Jody Lambert has cut his teeth in the industry helming the Dennis Lambert documentary “Of All The Things” and co-writing “People Like Us” and multiple shorts for Funny or Die. Michael Dowling is a playwright who occasionally adapts his work for screen, but has never written a feature before now. Coming together with producers Taylor Williams (“Lamb”) and Jen Roskind (“Best Man Down”) on their feature debut with money raised through Kickstarter, Lambert and Dowling have created Brave New Jersey, a relatable and uniquely charming comedy. In essence, channeling the quirky oddness of humans by the way of Wes Anderson, Lambert manages to craft a hilarious and humanizing vision of an absolutely absurd time in our history when Orson Wells was so damn good at his job that he convinced millions of Americans that Martians were landing and taking over the country.
Brave New Jersey isn’t another attempt to recreate a moment in Wells’ career, but more what the impact of his talents had wrought in the small fictional town of Lullaby, New Jersey. The story is snaked together from multiple subplots including the town’s mayor (Tony Hale, “American Ultra”), a housewife (Heather Burns, “Manchester by the Sea”) and her child (Grace Kaufman, “The Last Ship” TV series), a schoolteacher (Anna Camp, “The Help”), a reverend (Dan Bakkedahl, “Hitman: Agent 47”), a reclusive war veteran (Raymond J. Barry, “The Purge: Election Year”) and numerous others in various shades of detail. As the town is convinced further, some band together to hold off the approaching hordes (others to welcome them), they all discover elements of themselves and each other that were deeply repressed and define who they are. They all approach coming to terms with who they are and what, at that time, they wanted out of their life, with varying degrees of success. All the while, reality of an impending embarrassment upon the discovery of the truth makes the film a convivial ride.
The convincing atmosphere and the vividness of the characters were not just the result of a crafty screenplay and good acting. What sells Brave New Jersey is its direction by Lambert. He proves a profound mind for a kooky visual hilarity that fosters astoundingly effective performances out of his cast and crew. Grace Kaufman presents an off-the-cuff persona that is a joy to watch and encourage as she seeks answers and understanding in the chaos. Raymond J. Barry’s begrudging and brooding interpretation is hysterical and playfully tongue-in-cheek as he leads the townsfolk into battle. The visuals designed by cinematographer Corey Walter (“Goodbye to All That”) are sharp and silky smooth in its movements and positioning, never wasting an inch in the frame to something not supporting the story or the characterization. And such a well-designed frame is only improved upon with the assembly by editor Matthew Diezel (“Once Upon a Time in Venice”). His composition is seemingly refined to the frame, echoing comedic timing on par with any Edgar Wright movie (though not as quick-paced overall).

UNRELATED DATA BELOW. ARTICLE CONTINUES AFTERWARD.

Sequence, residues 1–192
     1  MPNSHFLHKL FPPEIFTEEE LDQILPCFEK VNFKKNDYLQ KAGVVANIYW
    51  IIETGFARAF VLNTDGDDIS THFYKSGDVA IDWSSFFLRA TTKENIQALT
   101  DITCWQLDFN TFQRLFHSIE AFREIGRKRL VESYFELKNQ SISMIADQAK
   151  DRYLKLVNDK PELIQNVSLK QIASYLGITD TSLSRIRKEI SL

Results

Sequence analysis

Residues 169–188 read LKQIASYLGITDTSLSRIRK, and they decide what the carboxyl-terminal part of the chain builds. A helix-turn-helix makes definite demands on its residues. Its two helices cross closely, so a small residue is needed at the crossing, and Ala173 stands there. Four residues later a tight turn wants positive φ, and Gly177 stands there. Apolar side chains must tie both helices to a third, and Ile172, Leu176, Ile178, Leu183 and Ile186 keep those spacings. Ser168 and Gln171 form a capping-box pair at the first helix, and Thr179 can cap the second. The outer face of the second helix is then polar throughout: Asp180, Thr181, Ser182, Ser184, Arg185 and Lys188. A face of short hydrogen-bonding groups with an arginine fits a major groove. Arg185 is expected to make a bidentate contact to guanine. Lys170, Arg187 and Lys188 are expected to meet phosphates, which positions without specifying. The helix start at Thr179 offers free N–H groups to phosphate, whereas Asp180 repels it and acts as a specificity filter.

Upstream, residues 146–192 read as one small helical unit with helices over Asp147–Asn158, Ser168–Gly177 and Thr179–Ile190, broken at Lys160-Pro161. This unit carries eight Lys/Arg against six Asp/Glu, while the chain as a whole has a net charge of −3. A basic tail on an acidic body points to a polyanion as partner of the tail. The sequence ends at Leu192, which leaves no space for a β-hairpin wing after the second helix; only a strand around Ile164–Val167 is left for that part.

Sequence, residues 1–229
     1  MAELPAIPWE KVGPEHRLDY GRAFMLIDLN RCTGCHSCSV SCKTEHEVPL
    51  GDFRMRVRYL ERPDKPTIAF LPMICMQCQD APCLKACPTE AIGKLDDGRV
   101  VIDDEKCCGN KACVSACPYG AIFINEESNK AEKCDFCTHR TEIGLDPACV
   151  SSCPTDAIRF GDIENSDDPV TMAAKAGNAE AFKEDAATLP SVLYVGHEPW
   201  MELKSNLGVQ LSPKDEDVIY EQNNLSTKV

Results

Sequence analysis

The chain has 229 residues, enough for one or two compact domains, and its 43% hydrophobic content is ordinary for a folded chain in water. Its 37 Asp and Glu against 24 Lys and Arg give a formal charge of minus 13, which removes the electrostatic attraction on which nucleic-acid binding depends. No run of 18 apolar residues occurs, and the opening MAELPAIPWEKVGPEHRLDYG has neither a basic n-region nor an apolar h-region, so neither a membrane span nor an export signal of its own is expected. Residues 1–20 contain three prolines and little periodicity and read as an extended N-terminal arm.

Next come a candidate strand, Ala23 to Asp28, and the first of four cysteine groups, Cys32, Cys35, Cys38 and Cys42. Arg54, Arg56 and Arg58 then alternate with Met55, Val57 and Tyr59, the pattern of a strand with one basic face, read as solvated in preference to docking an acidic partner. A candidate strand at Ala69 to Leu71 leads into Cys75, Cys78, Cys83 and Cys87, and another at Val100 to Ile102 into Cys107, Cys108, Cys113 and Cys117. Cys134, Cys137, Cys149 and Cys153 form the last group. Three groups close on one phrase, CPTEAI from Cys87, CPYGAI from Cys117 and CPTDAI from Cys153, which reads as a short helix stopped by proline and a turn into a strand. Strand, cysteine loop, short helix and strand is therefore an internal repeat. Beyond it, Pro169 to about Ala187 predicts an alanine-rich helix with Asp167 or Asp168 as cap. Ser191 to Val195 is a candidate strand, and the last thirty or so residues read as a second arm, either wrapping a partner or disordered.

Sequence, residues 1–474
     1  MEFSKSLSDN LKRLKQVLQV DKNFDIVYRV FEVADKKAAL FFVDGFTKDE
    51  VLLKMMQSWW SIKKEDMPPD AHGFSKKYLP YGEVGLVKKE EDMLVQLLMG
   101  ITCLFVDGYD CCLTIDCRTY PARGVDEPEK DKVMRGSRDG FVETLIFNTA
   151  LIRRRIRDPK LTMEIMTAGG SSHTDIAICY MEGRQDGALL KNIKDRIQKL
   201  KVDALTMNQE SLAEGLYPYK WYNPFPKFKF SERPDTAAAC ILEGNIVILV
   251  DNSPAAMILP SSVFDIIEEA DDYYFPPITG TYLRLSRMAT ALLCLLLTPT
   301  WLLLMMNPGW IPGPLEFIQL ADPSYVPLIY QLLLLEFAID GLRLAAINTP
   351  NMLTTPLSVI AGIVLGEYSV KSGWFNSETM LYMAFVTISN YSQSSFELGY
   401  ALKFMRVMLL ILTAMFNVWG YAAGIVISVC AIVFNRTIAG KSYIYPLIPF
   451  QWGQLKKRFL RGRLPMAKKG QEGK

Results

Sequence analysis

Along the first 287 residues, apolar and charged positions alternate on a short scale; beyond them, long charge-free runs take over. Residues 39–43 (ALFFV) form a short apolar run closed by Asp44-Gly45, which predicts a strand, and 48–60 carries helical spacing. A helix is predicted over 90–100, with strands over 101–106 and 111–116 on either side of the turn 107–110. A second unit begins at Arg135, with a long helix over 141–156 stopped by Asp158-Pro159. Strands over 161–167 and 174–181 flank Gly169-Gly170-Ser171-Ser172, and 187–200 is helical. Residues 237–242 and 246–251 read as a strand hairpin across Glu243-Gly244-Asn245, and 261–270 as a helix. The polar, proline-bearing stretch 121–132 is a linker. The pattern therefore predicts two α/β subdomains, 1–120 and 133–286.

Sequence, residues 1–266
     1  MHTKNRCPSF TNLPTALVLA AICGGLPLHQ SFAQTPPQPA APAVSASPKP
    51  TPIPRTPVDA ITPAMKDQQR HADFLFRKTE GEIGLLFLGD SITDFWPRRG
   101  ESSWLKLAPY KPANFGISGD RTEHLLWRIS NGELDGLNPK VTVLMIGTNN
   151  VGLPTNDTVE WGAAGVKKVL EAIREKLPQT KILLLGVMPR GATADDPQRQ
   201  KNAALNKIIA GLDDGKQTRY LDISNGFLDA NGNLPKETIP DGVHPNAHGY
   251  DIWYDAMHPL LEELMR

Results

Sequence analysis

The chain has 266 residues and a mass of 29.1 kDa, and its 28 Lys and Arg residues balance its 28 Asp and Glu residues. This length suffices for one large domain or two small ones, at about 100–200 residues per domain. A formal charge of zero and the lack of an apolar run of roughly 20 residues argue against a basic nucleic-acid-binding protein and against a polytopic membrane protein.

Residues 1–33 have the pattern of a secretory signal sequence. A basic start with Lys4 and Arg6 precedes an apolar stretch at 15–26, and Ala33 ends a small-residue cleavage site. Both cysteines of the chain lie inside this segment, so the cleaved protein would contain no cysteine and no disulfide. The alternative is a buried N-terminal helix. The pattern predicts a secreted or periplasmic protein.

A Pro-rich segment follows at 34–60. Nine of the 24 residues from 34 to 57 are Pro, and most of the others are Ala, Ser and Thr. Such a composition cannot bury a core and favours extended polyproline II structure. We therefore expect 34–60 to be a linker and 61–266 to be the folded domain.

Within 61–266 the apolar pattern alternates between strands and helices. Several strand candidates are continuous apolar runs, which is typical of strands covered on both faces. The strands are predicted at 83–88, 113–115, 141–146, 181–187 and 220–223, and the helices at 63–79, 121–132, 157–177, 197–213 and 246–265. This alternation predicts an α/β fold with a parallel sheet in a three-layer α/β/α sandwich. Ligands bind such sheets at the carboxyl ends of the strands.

The well-knit production team has managed a purely delightful cinematic experience with Brave New Jersey that is seldom seen in period movies about times of panic. As charming as it is endearing, the film works its way in through your curiosity and then manages to cling on even as characters become somewhat cartoonish. We want them to be because their energy and seriousness are the source of the movie’s quirk. It works as a comedy in tandem with a character study and a sociological treatise, managing a sincere depth out of preposterousness because what actually happened could very easily happen again. A strong first outing into feature narrative filmmaking, Lambert and Dowling deliver a movie that deserves every ounce of praise that it will undoubtedly earn.